Last year a theatre troupe called The Online Musical not only created a viral phenomenon, but was one in itself.
The group, made up of University of Virginia theatre students, was credited in publications like Playbill for creating the first ever interactive online musical, “Musical: The Online Musical.” The way it worked was simple.
First, fans would send in character, song and plot ideas to the group’s YouTube account. Within a week, the group would launch a new musical episode inspired by those suggestions.
They did this ten times, resulting in a two-hour, ten episode project, called MTOM for short. About half of the students involved in the project have graduated. and the group is now scattered across the country.
But that doesn’t mean they’re done working together. In fact, they’re now collaborating online to produce musicals, although they still have to film the old fashioned way -- in person.
The group’s director, Jeff Luppino-Esposito, told The Daily Dot that when the players were all attending UVA together, they could produce episodes in about a week. Now, the group relies on Skype and Megabus to plan and arrange filming for their musicals.
“It only seems fitting that an online theater troupe relies on online communication, so we always manage to make it work,” he said.
The Online Musical just tested their new technique with their first Mini Musical produced since switching to primarily online communication. Luppino-Esposito said the Mini Musicals, inspired by pop culture topics suggested by fans, are anything but.
“We were producing 10-12 minute episodes every week during MTOM, but these (Mini Musicals) require varying locations, new costumes, new props and (bring) fresh technical challenges with each one.”
Titled Where’s Waldo: The Musical, their latest project was filmed in both New York City and Charlottesville, Virginia. Like their other musicals, it’s a comedy. It explores the mystery behind the man that everyone’s trying to find.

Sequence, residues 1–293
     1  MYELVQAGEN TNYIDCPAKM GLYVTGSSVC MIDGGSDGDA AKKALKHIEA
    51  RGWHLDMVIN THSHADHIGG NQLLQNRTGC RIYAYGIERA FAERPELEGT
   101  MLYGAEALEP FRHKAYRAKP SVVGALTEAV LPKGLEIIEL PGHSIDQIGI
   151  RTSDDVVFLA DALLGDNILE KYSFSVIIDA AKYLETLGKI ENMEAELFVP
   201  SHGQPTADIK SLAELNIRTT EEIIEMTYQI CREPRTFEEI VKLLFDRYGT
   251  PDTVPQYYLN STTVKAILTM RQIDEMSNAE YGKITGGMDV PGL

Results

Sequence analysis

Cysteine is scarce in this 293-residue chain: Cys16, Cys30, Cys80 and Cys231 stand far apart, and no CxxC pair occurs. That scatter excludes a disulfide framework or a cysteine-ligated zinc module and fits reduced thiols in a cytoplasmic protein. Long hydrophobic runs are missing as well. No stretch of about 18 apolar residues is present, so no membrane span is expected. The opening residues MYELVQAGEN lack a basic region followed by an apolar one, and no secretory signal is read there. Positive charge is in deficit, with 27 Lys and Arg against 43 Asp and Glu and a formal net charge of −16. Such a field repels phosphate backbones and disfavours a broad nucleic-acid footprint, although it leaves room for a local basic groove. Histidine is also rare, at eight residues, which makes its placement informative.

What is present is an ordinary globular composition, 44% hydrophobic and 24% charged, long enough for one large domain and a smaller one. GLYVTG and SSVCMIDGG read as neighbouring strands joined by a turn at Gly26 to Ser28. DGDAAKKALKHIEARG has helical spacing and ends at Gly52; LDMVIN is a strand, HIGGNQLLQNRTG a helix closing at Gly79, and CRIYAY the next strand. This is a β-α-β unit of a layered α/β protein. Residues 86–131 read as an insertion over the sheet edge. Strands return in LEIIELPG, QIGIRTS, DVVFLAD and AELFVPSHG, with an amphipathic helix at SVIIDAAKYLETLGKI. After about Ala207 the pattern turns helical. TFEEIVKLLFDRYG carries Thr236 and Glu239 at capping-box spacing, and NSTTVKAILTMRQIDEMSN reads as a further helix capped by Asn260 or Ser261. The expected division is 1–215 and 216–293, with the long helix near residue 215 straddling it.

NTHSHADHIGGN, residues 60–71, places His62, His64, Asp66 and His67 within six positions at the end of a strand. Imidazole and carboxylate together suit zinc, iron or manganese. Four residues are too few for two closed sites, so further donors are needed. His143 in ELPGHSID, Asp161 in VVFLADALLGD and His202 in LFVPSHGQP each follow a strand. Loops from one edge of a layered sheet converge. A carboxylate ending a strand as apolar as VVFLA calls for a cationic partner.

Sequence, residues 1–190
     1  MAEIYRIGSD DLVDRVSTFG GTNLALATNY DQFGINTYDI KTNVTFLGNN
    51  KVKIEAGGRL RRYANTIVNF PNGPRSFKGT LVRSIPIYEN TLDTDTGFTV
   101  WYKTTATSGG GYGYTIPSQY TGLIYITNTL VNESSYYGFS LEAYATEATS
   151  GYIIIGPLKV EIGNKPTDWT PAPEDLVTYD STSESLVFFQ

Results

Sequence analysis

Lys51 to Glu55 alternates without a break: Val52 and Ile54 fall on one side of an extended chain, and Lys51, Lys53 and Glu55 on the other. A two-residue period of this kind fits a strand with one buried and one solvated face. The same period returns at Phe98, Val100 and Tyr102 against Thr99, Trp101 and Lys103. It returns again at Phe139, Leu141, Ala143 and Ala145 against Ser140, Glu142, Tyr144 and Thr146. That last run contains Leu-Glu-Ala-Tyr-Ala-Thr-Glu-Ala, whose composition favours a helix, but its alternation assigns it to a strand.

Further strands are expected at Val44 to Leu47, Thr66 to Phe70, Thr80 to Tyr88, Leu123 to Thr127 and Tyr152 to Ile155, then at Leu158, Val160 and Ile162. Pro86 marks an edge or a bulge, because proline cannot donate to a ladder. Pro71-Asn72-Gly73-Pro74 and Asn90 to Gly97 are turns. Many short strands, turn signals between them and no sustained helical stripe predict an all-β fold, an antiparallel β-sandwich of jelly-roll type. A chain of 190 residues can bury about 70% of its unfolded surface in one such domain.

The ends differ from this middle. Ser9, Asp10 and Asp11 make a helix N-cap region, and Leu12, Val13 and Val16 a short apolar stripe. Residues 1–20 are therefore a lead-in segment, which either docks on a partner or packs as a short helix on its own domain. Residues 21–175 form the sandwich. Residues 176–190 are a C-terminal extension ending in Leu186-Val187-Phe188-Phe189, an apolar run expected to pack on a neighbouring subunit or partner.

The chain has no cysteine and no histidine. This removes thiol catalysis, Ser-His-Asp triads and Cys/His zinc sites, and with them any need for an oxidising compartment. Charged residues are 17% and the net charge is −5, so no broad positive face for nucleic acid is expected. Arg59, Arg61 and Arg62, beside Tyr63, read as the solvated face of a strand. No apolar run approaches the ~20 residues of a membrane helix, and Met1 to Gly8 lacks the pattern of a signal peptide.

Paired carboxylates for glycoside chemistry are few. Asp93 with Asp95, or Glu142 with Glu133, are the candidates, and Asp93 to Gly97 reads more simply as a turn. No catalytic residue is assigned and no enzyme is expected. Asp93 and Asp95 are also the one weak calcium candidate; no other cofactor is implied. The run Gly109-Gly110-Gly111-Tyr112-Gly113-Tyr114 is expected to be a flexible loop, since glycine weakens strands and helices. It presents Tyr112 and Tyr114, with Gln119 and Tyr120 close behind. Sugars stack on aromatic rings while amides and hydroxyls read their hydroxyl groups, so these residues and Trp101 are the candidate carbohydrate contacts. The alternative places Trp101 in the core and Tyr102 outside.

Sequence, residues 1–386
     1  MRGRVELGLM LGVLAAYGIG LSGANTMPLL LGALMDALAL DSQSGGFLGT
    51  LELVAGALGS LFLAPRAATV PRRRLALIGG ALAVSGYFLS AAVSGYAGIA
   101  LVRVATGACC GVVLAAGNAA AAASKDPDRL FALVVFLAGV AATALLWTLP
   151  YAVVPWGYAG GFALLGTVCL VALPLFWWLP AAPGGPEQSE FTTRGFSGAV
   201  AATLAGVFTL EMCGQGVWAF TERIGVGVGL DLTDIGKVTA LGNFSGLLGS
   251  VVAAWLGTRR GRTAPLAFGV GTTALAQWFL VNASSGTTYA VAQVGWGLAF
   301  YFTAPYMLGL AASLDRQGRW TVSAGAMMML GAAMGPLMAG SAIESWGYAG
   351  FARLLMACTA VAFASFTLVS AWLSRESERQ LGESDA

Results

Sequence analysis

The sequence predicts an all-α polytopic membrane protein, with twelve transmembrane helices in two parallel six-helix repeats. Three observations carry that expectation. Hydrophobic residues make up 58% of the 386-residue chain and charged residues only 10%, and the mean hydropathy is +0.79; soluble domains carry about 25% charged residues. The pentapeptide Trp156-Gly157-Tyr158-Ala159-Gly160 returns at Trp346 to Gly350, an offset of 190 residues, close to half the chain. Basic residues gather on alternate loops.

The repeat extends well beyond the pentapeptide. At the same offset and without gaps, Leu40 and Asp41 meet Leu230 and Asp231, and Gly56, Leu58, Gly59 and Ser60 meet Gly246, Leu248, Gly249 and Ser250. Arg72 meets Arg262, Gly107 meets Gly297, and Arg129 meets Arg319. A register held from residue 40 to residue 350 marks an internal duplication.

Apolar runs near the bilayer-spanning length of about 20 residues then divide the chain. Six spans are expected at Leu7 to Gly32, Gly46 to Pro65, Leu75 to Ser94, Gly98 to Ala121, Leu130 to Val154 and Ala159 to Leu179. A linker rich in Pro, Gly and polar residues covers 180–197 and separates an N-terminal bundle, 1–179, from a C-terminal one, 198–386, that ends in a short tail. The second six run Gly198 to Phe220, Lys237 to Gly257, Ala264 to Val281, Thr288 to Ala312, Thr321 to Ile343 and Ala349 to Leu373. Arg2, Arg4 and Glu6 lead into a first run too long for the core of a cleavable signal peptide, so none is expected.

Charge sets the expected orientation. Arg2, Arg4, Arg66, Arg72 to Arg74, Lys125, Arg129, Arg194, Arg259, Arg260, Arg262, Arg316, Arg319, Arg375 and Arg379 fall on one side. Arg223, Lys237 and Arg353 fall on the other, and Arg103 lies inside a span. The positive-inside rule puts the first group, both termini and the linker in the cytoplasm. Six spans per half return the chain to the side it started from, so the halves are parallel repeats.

Luppino-Esposito hopes that this mini musical is as successful as its predecessor, Pokemon: The Musical, which netted over 500,000 hits on YouTube. He said Pokemon was the group’s first truly viral success.
“It was something we could all rally behind,” he said. “We all felt like we were a part of something really big that was being watched and loved on a huge scale. It was totally new for us, and we're always working to get that feeling back.”
The director said the group will continue to focus on Mini Musicals in order to keep up publicity for the next season of MOTM. Waldo proved the group could be successful even when they’re apart, he said, but MOTM requires speed. Luppino-Esposito hopes for another season in 2013.
“With the team all in different locations right now, some in college, some out, it would just be impossible to put out weekly content that was truly responsive to the fans' suggestions,” he said.
Until then, the success of the viral videos has helped Luppino-Esposito earn corporate opportunities. He just spent the summer in the 10-week Summer Associate Program at MTV Networks, and scored a freelance position as a blogger on Comedy Central.
“The Online Musical has definitely opened up doors for me and I think it will continue to for everybody on the team,” he said.
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